Misdemeanor Sex Crimes
November 24th, 2020 by Tad Nelson in Sex Crime
Most sex crimes in Texas are prosecuted as felony offenses, which carry mandatory jail time and sometimes the requirement of registration as a sex offender. Some sex crimes, however, namely those that don’t involve violence or penetrative sexual contact, can be charged as misdemeanors, which means that a defendant could receive probation instead of jail time and may be able to avoid sex offender registration. To learn more about which sex crimes can be charged as misdemeanor-level offenses and whether you could qualify for a reduction of your charges, please reach out to our experienced sex crimes lawyers in Galveston, League City or Galveston today.
Determining the Severity of a Texas Sex Crime
Although all sex crimes are serious offenses, the specific severity of a sex crime charge actually depends on a number of factors, including:
- The sexual act in question, including whether the act involved sexual touching;
- The defendant’s age, as being a minor is often considered a mitigating factor in prosecuting sex offenses;
- The victim’s age, with most offenses involving minors, charged as felonies;
- The victim’s relationship with the defendant, including whether the defendant was in a position of authority over the victim, or whether the parties were in a consensual romantic relationship; and
- Whether the defendant has a criminal history of committing sex crimes.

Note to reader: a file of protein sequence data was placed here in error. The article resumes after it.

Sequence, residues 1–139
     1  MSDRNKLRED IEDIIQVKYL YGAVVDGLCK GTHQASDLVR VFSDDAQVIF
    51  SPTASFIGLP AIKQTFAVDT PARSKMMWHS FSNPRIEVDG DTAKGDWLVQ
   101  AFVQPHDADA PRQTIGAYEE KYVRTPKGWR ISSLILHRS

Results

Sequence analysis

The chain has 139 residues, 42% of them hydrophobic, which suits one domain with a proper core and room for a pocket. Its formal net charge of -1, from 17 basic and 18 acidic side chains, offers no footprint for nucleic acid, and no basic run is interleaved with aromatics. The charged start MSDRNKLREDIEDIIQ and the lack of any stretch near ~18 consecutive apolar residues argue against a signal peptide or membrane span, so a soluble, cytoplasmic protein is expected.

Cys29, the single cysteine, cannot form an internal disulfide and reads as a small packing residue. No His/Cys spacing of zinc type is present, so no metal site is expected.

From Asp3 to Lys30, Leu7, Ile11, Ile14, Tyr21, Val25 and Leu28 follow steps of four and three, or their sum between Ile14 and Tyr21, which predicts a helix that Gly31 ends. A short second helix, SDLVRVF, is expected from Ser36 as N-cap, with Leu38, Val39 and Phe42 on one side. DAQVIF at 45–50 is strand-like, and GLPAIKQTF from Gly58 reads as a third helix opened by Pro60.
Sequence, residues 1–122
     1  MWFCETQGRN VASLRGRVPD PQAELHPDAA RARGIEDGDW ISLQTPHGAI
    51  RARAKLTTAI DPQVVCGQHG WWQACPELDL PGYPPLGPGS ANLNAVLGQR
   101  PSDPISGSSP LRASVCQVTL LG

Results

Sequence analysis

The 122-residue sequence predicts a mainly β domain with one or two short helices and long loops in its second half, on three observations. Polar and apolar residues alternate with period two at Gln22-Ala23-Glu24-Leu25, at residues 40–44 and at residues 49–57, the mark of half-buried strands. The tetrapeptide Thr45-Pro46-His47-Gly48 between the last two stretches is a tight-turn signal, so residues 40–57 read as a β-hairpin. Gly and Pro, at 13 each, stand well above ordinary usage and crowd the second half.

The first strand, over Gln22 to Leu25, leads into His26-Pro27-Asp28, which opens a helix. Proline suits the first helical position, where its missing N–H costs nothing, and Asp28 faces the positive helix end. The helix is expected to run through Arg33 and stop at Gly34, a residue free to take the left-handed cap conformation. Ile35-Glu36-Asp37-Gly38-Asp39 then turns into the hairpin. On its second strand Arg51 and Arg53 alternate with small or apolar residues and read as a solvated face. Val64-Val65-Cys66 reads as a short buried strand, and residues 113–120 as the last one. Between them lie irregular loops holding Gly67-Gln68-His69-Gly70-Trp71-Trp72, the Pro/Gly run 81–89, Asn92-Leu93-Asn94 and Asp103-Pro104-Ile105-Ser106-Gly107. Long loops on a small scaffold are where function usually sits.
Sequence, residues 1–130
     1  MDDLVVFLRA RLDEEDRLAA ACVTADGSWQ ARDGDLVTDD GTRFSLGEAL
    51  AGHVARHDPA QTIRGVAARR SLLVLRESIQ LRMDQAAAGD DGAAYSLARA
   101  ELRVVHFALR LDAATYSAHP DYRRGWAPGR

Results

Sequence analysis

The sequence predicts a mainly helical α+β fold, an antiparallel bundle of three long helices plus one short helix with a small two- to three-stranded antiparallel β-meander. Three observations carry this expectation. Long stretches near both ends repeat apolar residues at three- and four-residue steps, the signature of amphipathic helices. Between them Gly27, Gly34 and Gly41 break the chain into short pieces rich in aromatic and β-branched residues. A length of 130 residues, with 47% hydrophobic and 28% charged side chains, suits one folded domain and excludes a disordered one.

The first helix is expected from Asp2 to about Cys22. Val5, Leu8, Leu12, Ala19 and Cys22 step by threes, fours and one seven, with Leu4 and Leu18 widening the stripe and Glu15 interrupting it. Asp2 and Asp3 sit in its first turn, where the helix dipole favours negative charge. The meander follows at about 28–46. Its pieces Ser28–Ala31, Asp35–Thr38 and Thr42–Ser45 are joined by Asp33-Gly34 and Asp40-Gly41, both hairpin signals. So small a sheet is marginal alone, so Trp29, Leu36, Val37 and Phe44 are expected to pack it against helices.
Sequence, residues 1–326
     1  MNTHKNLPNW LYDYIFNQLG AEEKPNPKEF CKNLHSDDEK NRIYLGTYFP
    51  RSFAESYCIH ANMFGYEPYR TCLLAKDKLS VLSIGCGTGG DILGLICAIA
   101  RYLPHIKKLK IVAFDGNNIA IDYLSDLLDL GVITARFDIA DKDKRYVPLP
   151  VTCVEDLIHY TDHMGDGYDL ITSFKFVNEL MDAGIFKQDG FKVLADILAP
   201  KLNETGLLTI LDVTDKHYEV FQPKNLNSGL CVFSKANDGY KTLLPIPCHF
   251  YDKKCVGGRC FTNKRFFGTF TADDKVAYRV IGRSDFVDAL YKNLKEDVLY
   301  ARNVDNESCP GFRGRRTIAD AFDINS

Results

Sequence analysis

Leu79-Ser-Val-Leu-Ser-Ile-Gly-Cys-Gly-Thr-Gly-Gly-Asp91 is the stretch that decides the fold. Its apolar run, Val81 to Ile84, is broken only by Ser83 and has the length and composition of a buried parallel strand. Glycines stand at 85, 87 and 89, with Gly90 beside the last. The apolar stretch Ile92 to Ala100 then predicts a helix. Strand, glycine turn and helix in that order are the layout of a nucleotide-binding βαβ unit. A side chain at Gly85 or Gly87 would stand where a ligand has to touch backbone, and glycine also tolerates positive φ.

Prosecuting sex crimes is largely subjective, so the severity of charges and sentencing are often left to the discretion of the state. This subjectivity, however, means that it is even more important for defendants to have a skilled attorney on their side who can advocate on their behalf.
Sex Crimes Charged as Misdemeanors
There are a number of different sex crimes that are typically charged as misdemeanors in Texas. Public lewdness, for example, which involves allegations of engaging in sexual acts in a public place, is usually charged as a Class A misdemeanor, which comes with a potential one-year prison sentence and a $4,000 fine.
Someone accused of indecent exposure, which occurs when someone allegedly exposes him or herself in a reckless manner, will usually face Class B misdemeanor charges, unless the defendant has a prior criminal record, or committed the offense in the presence of a minor. Class B misdemeanors are typically punishable by a $2,000 fine and up to six months in jail. Other sex crimes that are commonly charged as Class B misdemeanors include:
- Prostitution, unless the defendant has a prior criminal record;
- Solicitation of prostitution, unless a defendant has prior solicitation convictions; and
- Harassment, unless a defendant has a prior criminal record of harassment.
Voyeurism, which occurs when a person observes someone else without his or her consent in a dwelling or other location where the victim can reasonably expect privacy, on the other hand, is a Class C misdemeanor offense, which means that defendants can usually avoid jail time, unless they have two or more prior voyeurism convictions, or if the victim was under the age of 14 years old. Non-consensual sexual contact is also a Class C misdemeanor unless the victim was a child or disabled.
Were You Accused of a Sex Crime in Texas?
Even misdemeanor sex offense convictions can destroy personal relationships and careers, so if you have been accused of committing a sex offense, please call The Law Offices of Tad Nelson & Associates at 281-962-7817 to learn more about defending yourself against these types of serious accusations.